Boffo Beer Blog, Week 7 : Mermaids And Unicorns Promise Mouth Magic

Well I tried for a truly magical beer experience in the latest Boffo Beer Blog. I sampled True Vine’s Mermaids & Unicorns beer, to go along with a bowl of beef stew and a cheese bagel. Expectations were high, especially when confronted with the mirth-filled 12-ounce can, brightly colored and bedecked with a picture of, yes, a mermaid riding a unicorn. This should be some special drink!

Unlike some of the small breweries I’ve looked at so far, True Vine is really new and still quite small. Based out of Tyler, Texas ( a smallish city not too far out of Dallas), it’s barely five years old. Inspired by reading a biography of the Guinness family, a married couple, Ryan and Traci Dixon began brewing some beer in their own garage around 2014. With good feedback from the locals, opened a tiny, 2000 square-foot brewery in town in 2014. Mermaids & Unicorns was one of their first two flavors and remains a mainstay of their small company, which now boasts about ten or so brews, all with lively, whimsical can designs. There’s a coffee porter, a peach-infused one and one that wins for the name alone, Chubby Angel Babies. True Vines say they are guided by the principles of integrity, community and love.” Hard to find fault with that.

They’re now available throughout a good number of locations in Texas, but haven’t matched the success or growth of some of their Lone Star counterparts – yet. But, like some of their bigger competitors, they recently opened a taproom and restaurant on site, with artisan pizzas being a menu star and live music on the weekend an added draw. What they don’t have yet is as detailed or complete website as many microbrews.

Anyway, I popped open the can full of expectation, and poured the brew into a frosty glass. Although the brewer itself doesn’t seem to detail their drink online, Specs says it comes in at 5.5% alcohol and features a “malty, bready (flavor) with hints of peach and orange.” Upon pouring, it looked a pleasant enough golden tone, slightly cloudy, but seemed to have little fizz and produced only a minimal, thin head. Waiting to be ridden away to beverage utopia on a unicorn being hugged by Splash-era Daryl Hannah, I expected something wildly different and wonderful.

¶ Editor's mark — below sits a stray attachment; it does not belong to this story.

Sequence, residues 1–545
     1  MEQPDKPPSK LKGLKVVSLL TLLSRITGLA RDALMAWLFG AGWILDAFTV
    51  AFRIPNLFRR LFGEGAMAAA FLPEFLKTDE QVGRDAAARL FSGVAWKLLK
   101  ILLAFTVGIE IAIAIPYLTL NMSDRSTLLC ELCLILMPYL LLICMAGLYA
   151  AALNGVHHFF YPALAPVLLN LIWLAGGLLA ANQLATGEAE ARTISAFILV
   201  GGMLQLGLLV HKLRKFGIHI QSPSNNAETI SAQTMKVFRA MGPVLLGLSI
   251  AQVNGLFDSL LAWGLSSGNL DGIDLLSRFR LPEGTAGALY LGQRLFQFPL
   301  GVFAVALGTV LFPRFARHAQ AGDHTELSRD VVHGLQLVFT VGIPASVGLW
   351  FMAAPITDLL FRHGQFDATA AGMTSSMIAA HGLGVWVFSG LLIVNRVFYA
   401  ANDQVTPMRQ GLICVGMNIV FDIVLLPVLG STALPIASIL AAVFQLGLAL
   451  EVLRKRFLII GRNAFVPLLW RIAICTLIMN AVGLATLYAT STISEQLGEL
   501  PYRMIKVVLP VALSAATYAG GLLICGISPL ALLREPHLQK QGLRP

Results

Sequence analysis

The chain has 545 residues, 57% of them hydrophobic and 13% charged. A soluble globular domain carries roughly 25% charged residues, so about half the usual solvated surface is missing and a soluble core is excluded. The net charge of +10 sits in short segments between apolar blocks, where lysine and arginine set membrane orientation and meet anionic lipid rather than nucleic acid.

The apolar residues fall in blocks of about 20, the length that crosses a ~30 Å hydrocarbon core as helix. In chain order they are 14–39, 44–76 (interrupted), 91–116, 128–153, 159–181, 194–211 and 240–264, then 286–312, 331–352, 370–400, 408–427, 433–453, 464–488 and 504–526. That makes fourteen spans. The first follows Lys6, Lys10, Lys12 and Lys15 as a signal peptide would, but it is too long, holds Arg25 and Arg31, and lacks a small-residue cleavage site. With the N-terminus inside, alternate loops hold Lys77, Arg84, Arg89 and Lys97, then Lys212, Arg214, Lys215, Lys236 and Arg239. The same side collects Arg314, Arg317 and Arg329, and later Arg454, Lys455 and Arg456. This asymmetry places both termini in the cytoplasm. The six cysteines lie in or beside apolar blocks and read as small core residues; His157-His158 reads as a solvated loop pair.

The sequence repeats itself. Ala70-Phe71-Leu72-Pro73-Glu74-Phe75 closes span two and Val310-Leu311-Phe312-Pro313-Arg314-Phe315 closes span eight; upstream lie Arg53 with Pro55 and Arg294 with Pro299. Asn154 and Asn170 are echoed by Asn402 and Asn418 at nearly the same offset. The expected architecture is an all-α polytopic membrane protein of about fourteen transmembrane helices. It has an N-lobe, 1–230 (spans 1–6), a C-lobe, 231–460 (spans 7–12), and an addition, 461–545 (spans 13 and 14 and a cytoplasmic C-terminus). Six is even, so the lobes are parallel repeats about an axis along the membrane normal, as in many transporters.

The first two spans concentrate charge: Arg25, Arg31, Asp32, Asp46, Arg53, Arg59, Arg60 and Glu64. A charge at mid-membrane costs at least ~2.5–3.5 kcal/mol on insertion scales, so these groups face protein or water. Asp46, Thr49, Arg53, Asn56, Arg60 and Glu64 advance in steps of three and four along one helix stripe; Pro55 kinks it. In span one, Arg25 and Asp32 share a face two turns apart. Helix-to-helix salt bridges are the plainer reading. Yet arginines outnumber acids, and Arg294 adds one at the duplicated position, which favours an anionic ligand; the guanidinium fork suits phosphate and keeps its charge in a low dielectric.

The unicorn turned out to be more of a run of the mill donkey and Daryl nowhere to be seen or felt. The first impression of it was that it had a relatively mild flavor with a noticeable bitterness. More sips did reveal a tinge of citrus, but a very subtle one. It was fairly “smooth” to use that million-dollar beer buzzword, but nothing out of the ordinary in any way. It paired fine with the stew, but didn’t noticeably bring out the flavors of the food or drink; with the cheese bagel somehow the drink’s bitterness seemed a little amplified.

Now, I don’t want to give the impression this is a bad beer. It’s not. It’s perfectly acceptible and a unicorn’s horn above some of the mass market convenience store competition. The can is a keeper for collectors and the drink worth buying it for. What it is not however, was particularly memorable or distinctive, let alone magical. I’ll grade it about 7 out of 10 for strength, 6 for flavor and all in all….

unicunicunic

three unicorns out of five.

From Hitler To Drunken College Girls…Only Malcolm Could Make Sense Of It

It’s nice that over time, sitting here typing on my computer, looking out at a Texas suburb, I get to know some of you well enough to feel you’re not a stranger – even if I never met you in real life. And as many of you know, some of my favorite books this century have been from Malcolm Gladwell, a fellow alumni of the University of Toronto, albeit a stranger. But one who’d be a tremendous person to have dinner with, I’m sure.